My newspaper often used Royko 's column on our op-ed page, so I got to read many of them. They were always good, and even though they were mostly about Chicago, they still informed and entertained readers in Ohio. And to think, Royko wrote five columns a week, or one column each working day. From experience I know the difficulty of writing just one column a week. The pressure of doing five a week seems unbearable. Yet Royko did it, and did it well, for many years. There are some of us who can do our best even when the heat is on.

Friday, July 15, 2016

When sci-fi comes true

Combine Joseph Heller dialogue with a Kurt Vonnegut Jr. plot and you might get something like Adam Roberts's brilliant 2009 novel Yellow Blue Tibia.

Funnier than any story about an alien invasion, nuclear disaster and KGB assassins has any right to be, the novel starts wacky and keeps getting wackier. It begins after the close of World War II when Stalin gathers together some of the best Soviet science fiction writers and orders them to come up with a plot about an invasion from outer space. They concoct a wild story about "radiation aliens" who attack the Ukraine. Stalin likes it, files it away and swears them all to secrecy.

Years later during the winter of 1985-86, one of those writers, Konstantin Skvorecky, now an old man who works as a translator, is approached by another survivor from that strange writing project and told that their plot is all coming true. The aliens have invaded exactly as they described in their story.

Soon, pursued by the KGB, Skvorecky is taking a wild taxi ride to the Chernobyl nuclear plant with a former nuclear scientist, now a cab driver with an extreme fear of being touched by another man, and a fat American woman, a Scientologist, with whom he falls in love. They are trying to prevent the disaster they fear is coming before the KGB can catch up with them.

So is there an alien invasion or not? And is this novel science fiction or not? One must read to the end to find the answers.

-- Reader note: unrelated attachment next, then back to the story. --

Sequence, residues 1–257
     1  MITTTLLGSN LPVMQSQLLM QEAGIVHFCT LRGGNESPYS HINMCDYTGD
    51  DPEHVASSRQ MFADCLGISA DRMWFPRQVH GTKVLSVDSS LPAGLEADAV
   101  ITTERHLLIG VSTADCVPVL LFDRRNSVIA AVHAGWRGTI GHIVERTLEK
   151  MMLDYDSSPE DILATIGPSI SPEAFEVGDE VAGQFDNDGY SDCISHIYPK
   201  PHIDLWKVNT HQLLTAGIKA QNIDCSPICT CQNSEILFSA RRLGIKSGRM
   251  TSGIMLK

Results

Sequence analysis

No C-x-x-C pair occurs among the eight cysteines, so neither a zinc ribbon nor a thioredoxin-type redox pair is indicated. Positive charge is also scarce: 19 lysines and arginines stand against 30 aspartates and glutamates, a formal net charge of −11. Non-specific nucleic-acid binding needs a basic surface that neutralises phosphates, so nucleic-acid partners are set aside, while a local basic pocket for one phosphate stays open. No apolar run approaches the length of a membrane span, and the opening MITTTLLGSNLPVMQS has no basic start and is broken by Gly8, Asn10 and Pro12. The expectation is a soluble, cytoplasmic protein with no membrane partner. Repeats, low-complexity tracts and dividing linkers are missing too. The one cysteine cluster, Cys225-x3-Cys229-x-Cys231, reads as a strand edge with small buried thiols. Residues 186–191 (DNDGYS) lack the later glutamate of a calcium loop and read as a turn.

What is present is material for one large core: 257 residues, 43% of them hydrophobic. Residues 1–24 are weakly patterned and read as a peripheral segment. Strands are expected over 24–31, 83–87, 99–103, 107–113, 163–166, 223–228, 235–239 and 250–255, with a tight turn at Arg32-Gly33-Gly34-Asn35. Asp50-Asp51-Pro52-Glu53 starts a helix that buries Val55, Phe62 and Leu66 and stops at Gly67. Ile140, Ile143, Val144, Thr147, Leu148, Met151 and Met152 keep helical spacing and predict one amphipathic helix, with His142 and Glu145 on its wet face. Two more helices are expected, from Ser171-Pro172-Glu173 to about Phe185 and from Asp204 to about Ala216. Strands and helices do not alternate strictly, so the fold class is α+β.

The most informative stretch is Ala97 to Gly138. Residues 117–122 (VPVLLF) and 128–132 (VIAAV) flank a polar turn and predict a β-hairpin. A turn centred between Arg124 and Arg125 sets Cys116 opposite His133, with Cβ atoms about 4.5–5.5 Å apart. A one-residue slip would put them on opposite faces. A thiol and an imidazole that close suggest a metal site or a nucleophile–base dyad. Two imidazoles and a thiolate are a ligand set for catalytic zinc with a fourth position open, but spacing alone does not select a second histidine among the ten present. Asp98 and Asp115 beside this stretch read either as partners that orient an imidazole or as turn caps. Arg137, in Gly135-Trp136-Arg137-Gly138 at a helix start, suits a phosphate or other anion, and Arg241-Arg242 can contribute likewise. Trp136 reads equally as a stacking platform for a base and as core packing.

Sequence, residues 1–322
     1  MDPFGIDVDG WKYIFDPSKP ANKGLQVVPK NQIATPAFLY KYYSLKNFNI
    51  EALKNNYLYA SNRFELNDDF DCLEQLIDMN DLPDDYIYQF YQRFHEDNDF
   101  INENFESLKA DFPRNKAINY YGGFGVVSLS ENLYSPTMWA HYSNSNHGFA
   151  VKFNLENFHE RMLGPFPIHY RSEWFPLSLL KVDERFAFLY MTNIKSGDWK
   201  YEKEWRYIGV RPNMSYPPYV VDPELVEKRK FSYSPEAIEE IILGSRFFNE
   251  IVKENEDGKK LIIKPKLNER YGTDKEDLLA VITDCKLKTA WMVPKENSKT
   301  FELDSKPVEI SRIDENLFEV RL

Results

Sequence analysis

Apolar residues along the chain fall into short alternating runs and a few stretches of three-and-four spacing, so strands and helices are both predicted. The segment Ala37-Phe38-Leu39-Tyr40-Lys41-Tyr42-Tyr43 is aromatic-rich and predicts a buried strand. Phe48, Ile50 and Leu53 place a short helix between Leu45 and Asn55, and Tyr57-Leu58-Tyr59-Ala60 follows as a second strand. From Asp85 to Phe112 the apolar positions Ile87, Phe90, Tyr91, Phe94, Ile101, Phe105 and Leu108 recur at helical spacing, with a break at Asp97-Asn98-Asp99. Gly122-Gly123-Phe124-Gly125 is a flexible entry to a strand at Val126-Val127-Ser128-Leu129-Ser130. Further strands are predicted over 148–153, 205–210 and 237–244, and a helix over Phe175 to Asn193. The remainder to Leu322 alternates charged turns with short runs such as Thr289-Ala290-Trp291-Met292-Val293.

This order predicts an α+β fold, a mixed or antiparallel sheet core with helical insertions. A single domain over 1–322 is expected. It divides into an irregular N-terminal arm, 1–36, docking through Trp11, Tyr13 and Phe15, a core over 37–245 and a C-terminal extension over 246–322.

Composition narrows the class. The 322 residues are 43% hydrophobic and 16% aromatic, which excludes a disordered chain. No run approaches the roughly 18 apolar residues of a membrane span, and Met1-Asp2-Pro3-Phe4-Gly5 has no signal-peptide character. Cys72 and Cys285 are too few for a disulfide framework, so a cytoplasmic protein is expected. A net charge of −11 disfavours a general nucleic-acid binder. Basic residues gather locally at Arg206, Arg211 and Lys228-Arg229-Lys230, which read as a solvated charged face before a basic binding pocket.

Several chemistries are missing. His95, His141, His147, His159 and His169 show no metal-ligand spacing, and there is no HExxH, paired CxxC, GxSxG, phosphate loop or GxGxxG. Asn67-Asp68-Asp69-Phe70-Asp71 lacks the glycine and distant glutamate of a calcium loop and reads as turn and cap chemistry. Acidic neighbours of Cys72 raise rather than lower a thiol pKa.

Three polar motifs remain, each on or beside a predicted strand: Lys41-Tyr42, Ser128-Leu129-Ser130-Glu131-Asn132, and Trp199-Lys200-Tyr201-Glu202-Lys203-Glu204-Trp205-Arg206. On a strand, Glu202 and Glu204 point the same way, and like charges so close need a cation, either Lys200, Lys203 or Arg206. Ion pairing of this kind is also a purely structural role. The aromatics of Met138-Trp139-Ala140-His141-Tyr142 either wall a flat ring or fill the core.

Wednesday, July 13, 2016

Adventure at sea

Sometimes the third time really is the charm. So it is with Alistair Maclean and me. I missed McLean entirely during his heyday when he was one of the world's most popular writers of thrillers, yet I had heard so many good things about his books that I finally decided to give them a try. The first two novels I read, Partisans and Puppet on a Chain, proved disappointing. My third attempt, however, produced different results.

San Andreas, published in 1984, is a World War II adventure that takes place entirely aboard a hospital ship in the North Atlantic in winter. Hospital ships, marked with big red crosses, are supposedly neutral, yet the Germans seem determined to stop, if not sink, the San Andreas. One or more saboteurs aboard keep destroying navigational equipment, while planes and submarines attack with relatively light arms, suggesting they want to do damage, but not too much damage. So what's going on?

When the ship's captain is badly wounded in one attack, the responsibility for getting the San Andeas to safety falls on Archie McKinnon, the bosun. The hospital ship has no weapons aboard, so McKinnon must defend the ship using the bad weather, the long winter nights and the ship itself. Then there are the problems of finding the saboteurs(s) and getting the ship to a friendly port.

McKinnon turns out to be my kind of hero, one who uses brains more than brawn, and the result proves thoroughly entertaining. San Andreas may be the name of a California fault line, but McLean's novel with that title turned out to be nothing like a disaster.

Tuesday, July 12, 2016

Dubbed

Some common English words came from the practice of bestowing knighthood. The most obvious of these is dub. The monarch dubs a man a knight by tapping his shoulder with a sword. A member of the clergy can be knighted but is not dubbed, however, because the use of a sword is considered inappropriate in these situations. More commonly we use the word for other purposes, such as when referring to someone being given a nickname. The word dub can also have different meanings, such as when a movie soundtrack is translated into a different language or in golf or percussion. Some of these terms may have different sources, however.

Another word is accolade, originally from a French word meaning to embrace. The English used the word to refer to the bestowal of knighthood. Now almost any type of award or expression of approval can be called an accolade..